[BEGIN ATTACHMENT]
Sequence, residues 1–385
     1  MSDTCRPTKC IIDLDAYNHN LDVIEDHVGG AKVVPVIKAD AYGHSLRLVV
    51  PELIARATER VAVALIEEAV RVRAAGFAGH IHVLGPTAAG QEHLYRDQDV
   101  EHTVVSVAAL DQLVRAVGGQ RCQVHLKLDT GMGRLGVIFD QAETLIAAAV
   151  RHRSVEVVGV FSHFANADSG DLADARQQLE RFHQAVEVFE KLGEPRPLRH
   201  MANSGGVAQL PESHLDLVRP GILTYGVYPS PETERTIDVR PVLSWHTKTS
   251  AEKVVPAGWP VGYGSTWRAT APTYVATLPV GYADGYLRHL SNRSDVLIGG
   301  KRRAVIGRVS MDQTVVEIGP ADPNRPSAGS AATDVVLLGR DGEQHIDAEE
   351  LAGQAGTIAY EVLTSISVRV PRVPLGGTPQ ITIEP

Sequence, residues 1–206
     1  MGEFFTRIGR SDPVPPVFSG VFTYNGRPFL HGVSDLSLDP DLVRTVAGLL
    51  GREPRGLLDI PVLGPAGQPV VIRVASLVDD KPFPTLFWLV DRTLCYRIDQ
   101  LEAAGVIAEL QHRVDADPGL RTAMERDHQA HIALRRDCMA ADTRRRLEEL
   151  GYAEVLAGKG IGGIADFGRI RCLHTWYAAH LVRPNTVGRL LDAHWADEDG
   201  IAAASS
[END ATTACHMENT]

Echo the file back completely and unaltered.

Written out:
Sequence, residues 1–385
     1  MSDTCRPTKC IIDLDAYNHN LDVIEDHVGG AKVVPVIKAD AYGHSLRLVV
    51  PELIARATER VAVALIEEAV RVRAAGFAGH IHVLGPTAAG QEHLYRDQDV
   101  EHTVVSVAAL DQLVRAVGGQ RCQVHLKLDT GMGRLGVIFD QAETLIAAAV
   151  RHRSVEVVGV FSHFANADSG DLADARQQLE RFHQAVEVFE KLGEPRPLRH
   201  MANSGGVAQL PESHLDLVRP GILTYGVYPS PETERTIDVR PVLSWHTKTS
   251  AEKVVPAGWP VGYGSTWRAT APTYVATLPV GYADGYLRHL SNRSDVLIGG
   301  KRRAVIGRVS MDQTVVEIGP ADPNRPSAGS AATDVVLLGR DGEQHIDAEE
   351  LAGQAGTIAY EVLTSISVRV PRVPLGGTPQ ITIEP

Sequence, residues 1–206
     1  MGEFFTRIGR SDPVPPVFSG VFTYNGRPFL HGVSDLSLDP DLVRTVAGLL
    51  GREPRGLLDI PVLGPAGQPV VIRVASLVDD KPFPTLFWLV DRTLCYRIDQ
   101  LEAAGVIAEL QHRVDADPGL RTAMERDHQA HIALRRDCMA ADTRRRLEEL
   151  GYAEVLAGKG IGGIADFGRI RCLHTWYAAH LVRPNTVGRL LDAHWADEDG
   201  IAAASS